In honor of Women’s History Month, “Louisville’s Fiber Legend: The Life and Work of Alma Lesch,” is on display at the University of Louisville’s Bridwell Art Library. The exhibit consists of artifacts from the Alma Lesch manuscript collection. The papers in this collection include correspondence with galleries, museums and schools concerning exhibitions and workshops; articles in newspapers and magazines about Alma Lesch; exhibition catalogs which include Lesch’s work; supporting materials for workshops Lesch conducted; publications and newsletters from Shakertown; articles, newspaper clippings and ephemera on various art-related topics; lists of students and other documents from her tenure at UofL.
Alma Wallace Lesch (1917-1999) lived her whole life in Kentucky, and although her career as a working artist started in her 40s, she attained a width and breadth of textile arts that few can attain.
Earning a B.S./Education from Murray State (1941), and a Masters of Education from the University of Louisville (1962), Alma had her first career as a 3rd grade teacher, then taught at Louisville School of Art (1961-1978) and became an Adjunct Faculty at University of Louisville (1975-1982); while at UofL she founded the Textiles Program. She also taught at Haystack Mountain School of Crafts and Arrowmont School of Crafts. By 1974, she was named a Master Craftsman by the American Crafts Council, was awarded The Governor’s Award for Lifetime Achievement in Arts in 1987.
Although Alma didn’t start her professional artistic career until the 1960s, her first quilt was started at age 5 and completed at age 12, while learning embroidery and sewing from her mother and grandmother.
Most noted for her innovative fabric portraits made by sewing vintage clothing while adding embellishments that helped describe the person, Alma also worked with quilts, embroidered art, macramé, jewelry made from beads or buttons, collaged textile sculptures, woodcuts, basketry, and glass mosaics.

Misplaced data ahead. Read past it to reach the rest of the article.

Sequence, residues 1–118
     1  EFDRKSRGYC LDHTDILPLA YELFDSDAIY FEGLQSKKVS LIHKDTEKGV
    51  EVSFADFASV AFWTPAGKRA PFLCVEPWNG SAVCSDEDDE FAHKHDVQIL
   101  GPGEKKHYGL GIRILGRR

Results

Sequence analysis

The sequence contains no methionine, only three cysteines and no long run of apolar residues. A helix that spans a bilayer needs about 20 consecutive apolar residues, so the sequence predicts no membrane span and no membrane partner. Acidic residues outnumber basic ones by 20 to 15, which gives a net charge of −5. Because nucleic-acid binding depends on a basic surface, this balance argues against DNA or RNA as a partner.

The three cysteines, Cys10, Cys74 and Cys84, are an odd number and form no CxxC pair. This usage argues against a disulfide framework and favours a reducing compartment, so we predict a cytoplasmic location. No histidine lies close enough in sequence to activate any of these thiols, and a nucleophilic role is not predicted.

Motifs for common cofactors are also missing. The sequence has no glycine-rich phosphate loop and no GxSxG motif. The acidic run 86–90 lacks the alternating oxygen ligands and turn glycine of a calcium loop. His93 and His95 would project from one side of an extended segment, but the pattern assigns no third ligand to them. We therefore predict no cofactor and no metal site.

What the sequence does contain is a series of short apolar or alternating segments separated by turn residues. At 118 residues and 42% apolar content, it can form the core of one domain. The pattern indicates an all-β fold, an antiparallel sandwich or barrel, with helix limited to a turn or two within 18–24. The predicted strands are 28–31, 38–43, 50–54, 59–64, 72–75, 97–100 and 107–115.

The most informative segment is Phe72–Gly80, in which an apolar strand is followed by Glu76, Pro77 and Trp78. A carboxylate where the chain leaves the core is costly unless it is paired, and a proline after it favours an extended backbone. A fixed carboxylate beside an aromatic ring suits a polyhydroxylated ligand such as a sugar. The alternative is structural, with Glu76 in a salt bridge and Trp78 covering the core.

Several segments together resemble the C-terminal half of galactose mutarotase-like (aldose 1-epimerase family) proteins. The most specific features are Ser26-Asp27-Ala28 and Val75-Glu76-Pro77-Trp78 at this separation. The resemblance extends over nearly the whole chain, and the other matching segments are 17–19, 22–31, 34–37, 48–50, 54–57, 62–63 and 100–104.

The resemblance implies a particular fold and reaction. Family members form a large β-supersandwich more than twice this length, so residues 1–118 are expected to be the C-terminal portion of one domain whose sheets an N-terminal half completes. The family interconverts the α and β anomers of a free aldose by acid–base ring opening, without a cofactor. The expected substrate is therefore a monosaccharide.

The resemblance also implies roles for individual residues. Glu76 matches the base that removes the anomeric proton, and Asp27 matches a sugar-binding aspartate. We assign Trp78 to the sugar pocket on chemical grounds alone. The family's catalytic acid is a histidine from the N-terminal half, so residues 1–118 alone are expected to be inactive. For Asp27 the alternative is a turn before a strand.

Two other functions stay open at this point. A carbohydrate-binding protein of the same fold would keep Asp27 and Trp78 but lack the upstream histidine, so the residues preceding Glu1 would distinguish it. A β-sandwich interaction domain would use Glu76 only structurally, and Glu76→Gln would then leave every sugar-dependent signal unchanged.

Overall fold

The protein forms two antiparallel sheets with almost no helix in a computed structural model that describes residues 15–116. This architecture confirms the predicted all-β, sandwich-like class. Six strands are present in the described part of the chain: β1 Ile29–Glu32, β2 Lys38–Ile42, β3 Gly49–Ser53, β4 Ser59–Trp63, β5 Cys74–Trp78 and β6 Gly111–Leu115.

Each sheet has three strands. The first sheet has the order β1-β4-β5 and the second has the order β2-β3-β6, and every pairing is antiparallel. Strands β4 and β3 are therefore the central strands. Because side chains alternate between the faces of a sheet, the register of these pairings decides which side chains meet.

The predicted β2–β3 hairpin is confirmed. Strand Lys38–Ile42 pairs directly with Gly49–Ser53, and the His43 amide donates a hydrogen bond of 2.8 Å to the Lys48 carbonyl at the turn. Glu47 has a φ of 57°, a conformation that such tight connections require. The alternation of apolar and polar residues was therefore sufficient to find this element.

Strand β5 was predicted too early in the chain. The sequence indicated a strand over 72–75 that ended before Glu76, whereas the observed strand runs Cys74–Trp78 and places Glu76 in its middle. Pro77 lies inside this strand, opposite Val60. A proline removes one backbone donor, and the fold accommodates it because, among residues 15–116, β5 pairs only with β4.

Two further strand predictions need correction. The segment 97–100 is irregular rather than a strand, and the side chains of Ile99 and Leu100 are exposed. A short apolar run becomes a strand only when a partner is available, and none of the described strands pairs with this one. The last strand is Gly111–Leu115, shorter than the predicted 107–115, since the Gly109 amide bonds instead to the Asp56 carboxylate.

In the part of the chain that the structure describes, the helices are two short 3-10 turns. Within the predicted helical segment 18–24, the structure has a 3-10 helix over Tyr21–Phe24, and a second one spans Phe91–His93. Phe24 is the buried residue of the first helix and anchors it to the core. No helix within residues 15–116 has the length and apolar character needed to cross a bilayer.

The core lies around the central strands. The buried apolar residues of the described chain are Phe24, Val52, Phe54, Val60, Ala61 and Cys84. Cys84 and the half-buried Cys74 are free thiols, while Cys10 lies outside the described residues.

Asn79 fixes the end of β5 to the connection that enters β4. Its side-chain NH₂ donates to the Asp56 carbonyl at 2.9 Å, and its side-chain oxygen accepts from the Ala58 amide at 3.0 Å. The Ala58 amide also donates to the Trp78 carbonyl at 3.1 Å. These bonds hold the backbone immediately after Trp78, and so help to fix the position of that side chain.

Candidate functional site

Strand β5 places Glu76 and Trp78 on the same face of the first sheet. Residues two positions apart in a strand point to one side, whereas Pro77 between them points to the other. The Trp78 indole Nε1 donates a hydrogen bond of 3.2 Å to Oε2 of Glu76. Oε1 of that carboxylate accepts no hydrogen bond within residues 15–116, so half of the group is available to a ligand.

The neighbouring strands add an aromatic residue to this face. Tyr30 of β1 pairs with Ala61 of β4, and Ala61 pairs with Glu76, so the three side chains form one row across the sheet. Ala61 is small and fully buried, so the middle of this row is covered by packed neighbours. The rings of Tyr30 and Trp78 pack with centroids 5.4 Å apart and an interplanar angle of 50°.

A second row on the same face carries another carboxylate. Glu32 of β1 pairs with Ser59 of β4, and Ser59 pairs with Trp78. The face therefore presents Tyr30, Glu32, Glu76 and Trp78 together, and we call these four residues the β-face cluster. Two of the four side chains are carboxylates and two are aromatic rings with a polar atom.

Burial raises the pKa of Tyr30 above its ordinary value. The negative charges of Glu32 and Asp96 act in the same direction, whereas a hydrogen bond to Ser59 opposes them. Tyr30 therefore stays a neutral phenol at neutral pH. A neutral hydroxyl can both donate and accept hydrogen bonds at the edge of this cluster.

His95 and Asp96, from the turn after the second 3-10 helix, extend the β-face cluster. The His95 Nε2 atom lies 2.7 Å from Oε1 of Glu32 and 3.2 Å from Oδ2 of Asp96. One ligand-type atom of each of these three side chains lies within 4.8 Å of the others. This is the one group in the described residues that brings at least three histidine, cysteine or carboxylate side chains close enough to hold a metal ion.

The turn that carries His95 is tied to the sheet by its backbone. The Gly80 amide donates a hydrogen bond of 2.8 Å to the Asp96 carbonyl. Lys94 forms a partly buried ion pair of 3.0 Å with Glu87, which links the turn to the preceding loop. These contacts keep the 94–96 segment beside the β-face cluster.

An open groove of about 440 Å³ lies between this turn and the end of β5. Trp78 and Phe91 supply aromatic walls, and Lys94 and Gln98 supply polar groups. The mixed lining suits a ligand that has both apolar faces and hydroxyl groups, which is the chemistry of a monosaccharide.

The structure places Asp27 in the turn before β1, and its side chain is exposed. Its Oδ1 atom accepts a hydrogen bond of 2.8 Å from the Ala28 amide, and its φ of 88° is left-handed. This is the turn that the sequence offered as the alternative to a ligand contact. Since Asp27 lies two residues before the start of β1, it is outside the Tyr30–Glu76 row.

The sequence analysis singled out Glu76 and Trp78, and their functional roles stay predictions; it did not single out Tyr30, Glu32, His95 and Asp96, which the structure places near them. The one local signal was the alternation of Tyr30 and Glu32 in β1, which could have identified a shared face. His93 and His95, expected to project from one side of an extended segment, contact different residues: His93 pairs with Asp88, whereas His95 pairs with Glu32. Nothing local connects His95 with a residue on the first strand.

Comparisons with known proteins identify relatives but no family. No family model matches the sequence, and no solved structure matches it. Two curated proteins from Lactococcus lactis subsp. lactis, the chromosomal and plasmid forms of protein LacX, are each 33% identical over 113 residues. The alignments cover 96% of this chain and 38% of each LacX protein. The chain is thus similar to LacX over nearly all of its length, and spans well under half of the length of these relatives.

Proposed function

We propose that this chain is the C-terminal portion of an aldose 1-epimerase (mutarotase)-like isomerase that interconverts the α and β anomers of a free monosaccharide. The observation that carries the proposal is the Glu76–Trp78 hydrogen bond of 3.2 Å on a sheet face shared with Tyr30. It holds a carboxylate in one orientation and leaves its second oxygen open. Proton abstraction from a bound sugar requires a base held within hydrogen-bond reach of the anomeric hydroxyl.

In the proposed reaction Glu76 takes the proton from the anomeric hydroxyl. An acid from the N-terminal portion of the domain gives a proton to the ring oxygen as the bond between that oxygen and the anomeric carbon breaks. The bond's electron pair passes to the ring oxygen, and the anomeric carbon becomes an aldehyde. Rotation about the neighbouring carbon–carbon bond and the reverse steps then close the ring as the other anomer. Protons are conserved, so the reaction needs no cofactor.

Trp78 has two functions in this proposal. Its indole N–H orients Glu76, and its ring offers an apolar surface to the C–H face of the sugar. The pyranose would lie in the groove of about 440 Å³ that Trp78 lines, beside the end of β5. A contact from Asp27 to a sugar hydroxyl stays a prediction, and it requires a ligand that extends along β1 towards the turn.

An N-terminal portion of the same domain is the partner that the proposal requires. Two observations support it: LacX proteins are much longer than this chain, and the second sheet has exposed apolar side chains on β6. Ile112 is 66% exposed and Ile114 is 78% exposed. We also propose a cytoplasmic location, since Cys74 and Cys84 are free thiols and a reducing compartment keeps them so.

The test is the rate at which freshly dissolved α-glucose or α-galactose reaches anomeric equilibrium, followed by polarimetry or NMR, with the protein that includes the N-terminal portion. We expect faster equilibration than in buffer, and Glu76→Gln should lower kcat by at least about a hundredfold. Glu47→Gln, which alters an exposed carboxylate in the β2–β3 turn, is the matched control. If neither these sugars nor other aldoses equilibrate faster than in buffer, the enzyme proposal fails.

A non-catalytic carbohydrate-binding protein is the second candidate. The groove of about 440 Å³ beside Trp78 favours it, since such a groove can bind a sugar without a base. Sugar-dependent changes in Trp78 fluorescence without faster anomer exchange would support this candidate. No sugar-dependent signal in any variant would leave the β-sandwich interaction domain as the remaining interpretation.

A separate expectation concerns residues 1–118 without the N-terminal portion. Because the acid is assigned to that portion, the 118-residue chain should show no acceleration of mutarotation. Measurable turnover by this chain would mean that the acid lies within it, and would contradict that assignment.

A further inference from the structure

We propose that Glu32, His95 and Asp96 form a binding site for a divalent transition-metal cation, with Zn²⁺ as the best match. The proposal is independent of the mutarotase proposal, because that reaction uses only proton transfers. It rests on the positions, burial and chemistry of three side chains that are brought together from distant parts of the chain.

Alma is also a leading authority on natural dyes, writing several books.
Her works are found in several museums including the Speed Art Museum, Owensboro Museum of Fine Art, Evansville Museum of Arts and Science, the American Crafts Museum of New York, the Arrowmont School in Gatlinburg, and the Flint (Mich.) Institute of Art, as well as the Bridwell Art Library/UofL.
The Louisville Courtier Journal called her the “Undisputed Grande Dame of KY textiles and a pioneer in the National Crafts Movement.” A historical marker is found in her honor in Shepherdsville, KY.
Wondering how to access art and architecture books while the Art Library is closed?
The University of Louisville has a trial subscription to the A&AePortal database which provides access to important art and art history scholarly books from some of the world’s finest publishers and museums such as Art Institute of Chicago, Princeton, and Yale University Press. This resource provides access to several titles owned by the Bridwell Art Library in an electronic format.
RedShelf is offering free electronic textbooks to students whose institutions are impacted by the COVID-19 pandemic. The e-books can be borrowed until May 25. The following texts are a sample of what’s available:
Stokstad’s Art: A Brief History
Gardner’s Art Through the Ages
Practices of Looking
Culture of Design
Art History: The Basics
Ways of Seeing
VitalSource is also offering free electronic textbooks to students at the University of Louisville. Use your UofL email to sign up. The e-books can be borrowed until May 25. The following texts are a sample of what’s available:
Stokstad’s Art: A Brief History
Art of Mesopotamia
Greek Art and Archaeology
History of Modern Art
Janson’s History of Art
Roman Art & Archaeology
The Art of Writing About Art
What is “Islamic Art”?